*The state of deliberations in both Houses and committees are
 available from the following websites(Japanese only).
 House of Representatives Internet TV:
 Live broadcasts and video recordings of the deliberations in the
 House of Councillors :

 Although seven opposition parties, led by Democratic Party of Japan,
had repelled on the voting schedule for inadequate time of discussions
on the budget bill, the ruling Liberal Democratic Party’s Toshihiro
Nikai, Chairman of the Budget Committee in the Lower House,
unilaterally decided the voting schedule on the Feb 28 by authority.
Also, Ichiro Aizawa, Chairman of the Lower House Rules and
Administration Committee from LDP, decided to hold a meeting of the
Lower House plenary session on the same day.
 The opposition parties had struggled to submit a joint
counterproposal to the government’s budget, but they could not reach
a final agreement for discrepant ideas on the budget. For that reason,
Japan Restoration Party and Yuinotoh jointly proposed a
counterproposal decreasing new issuance of government bonds and Your
Party, People’s Life Party and Japan Communist Party submitted their
own counterproposals respectively. Although the counterproposals were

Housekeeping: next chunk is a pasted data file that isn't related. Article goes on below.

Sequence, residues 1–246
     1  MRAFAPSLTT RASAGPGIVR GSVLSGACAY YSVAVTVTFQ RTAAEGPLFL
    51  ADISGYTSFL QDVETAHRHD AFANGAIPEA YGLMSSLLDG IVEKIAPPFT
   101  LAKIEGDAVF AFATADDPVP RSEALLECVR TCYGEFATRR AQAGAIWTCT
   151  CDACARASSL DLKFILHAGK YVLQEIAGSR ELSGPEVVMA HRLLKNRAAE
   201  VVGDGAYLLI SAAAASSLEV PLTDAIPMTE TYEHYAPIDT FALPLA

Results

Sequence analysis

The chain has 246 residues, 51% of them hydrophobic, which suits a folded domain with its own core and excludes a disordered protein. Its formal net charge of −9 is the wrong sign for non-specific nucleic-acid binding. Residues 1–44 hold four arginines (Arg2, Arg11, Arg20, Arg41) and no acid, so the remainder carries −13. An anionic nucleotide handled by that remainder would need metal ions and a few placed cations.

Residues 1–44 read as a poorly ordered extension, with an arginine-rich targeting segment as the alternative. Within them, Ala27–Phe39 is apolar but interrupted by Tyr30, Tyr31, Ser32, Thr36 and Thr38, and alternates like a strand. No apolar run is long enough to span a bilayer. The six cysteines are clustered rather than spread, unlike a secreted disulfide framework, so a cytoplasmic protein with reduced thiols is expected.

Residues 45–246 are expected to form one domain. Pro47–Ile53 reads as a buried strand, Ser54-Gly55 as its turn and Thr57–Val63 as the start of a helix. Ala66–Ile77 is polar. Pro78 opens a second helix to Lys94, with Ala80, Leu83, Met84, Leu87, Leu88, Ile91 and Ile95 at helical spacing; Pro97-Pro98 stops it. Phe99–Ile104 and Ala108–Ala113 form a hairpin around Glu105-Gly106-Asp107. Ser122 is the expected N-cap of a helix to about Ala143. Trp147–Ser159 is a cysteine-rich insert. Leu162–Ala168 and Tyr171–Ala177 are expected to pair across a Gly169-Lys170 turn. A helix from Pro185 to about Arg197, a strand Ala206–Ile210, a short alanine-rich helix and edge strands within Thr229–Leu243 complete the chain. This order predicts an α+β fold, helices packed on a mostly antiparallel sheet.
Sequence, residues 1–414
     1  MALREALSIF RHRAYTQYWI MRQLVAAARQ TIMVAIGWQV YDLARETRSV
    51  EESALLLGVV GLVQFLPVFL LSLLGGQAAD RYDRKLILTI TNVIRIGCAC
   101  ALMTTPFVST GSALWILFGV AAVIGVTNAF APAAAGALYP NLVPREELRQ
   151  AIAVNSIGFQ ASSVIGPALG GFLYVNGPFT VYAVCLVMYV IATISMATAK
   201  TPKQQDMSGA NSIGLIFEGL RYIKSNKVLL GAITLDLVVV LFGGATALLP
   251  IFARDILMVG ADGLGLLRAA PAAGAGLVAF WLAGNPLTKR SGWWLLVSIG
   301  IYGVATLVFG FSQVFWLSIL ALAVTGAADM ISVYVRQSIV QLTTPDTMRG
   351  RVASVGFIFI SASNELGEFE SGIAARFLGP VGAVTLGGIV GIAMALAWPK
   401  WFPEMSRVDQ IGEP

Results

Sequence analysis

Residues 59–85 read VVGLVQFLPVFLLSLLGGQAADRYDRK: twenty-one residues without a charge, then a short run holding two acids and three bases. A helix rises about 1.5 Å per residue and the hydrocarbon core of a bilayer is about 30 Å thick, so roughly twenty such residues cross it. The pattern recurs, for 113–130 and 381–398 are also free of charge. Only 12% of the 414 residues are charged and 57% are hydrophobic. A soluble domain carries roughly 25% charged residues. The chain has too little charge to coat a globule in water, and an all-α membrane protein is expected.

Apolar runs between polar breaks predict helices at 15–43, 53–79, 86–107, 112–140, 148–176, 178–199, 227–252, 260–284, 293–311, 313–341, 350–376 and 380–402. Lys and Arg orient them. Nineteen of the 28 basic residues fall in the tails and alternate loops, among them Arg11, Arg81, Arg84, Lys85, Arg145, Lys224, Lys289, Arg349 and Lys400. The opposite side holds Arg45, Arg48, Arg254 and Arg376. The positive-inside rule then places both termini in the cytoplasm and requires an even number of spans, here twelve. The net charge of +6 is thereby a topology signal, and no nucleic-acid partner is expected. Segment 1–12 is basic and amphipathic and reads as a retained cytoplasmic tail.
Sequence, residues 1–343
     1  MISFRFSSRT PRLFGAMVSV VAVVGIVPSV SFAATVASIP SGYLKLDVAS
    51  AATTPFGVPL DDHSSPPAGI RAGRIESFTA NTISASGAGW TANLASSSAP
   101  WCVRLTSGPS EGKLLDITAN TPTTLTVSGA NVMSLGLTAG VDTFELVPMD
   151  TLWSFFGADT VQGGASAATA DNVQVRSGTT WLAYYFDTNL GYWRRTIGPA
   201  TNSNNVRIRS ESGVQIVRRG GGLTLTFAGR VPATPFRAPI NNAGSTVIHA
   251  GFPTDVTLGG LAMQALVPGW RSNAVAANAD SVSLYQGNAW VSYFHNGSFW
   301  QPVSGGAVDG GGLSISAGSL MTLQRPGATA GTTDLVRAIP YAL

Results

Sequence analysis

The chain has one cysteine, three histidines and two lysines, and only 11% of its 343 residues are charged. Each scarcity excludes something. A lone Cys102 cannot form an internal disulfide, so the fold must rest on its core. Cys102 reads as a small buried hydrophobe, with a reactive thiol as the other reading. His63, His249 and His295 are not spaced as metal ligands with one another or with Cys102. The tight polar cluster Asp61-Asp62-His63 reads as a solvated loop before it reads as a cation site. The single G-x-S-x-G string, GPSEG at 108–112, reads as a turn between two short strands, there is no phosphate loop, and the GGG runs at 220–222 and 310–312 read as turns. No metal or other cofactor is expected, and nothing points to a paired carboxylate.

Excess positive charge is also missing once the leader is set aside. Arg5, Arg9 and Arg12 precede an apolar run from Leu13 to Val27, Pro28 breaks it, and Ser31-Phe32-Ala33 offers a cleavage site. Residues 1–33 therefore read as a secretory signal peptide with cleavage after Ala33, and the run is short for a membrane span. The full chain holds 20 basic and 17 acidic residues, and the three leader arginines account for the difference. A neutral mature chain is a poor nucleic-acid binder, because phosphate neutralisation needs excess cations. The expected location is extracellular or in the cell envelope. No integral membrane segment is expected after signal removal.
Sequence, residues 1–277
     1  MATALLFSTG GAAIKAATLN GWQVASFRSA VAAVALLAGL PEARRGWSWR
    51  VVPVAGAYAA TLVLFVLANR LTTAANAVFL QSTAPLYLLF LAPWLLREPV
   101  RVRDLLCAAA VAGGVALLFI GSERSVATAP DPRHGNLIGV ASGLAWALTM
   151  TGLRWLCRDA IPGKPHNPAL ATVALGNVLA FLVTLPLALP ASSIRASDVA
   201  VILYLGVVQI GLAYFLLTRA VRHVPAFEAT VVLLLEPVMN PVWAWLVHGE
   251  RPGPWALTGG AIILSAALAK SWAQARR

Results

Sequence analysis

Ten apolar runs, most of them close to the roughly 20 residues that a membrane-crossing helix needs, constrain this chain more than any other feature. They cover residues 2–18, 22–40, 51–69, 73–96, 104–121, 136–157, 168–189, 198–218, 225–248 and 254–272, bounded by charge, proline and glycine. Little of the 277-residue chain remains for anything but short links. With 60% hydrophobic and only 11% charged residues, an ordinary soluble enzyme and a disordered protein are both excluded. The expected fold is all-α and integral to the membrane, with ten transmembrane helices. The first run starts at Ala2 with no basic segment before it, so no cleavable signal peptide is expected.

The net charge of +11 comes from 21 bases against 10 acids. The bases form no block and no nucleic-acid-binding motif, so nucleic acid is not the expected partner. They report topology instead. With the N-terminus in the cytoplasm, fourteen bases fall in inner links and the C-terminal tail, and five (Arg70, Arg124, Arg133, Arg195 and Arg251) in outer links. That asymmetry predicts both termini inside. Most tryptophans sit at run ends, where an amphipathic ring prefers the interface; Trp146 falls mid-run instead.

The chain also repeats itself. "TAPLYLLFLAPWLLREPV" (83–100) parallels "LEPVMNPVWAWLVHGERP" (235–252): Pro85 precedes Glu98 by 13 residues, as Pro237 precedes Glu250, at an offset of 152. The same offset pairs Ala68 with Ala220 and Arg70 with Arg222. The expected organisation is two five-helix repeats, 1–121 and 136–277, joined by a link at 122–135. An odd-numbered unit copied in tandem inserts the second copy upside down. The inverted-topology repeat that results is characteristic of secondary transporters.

taken into discussion with the Cabinet’s budget bill, they were all
rejected in the Budget Committee. DPJ, boycotting the meeting of the
Budget Committee, took a confrontational tactic in the Lower House
plenary session by submitting a counterproposal, but it was rejected
by majority of the ruling coalition.

 Due to the passage of the budget bill in the Lower House on Feb 28,
it became certain that the budget will automatically be passed into
legislation after 30 days even if the Upper House rejects the budget
for the Constitutional provision 60-2. The Cabinet and ruling parties
seek passage of the budget by March 20 in eye of Prime Minister Shinzo
Abe’s attendance on the 3rd meeting of Nuclear Security Summit to be
held on March 24-25 in Hague, Netherland. On March 3, the lawmakers in
the Upper House entered discussions on the budget in the House’s
Budget Committee. Prime Minister Abe stressed importance of an early
passage of the bill and called for cooperation of the opposition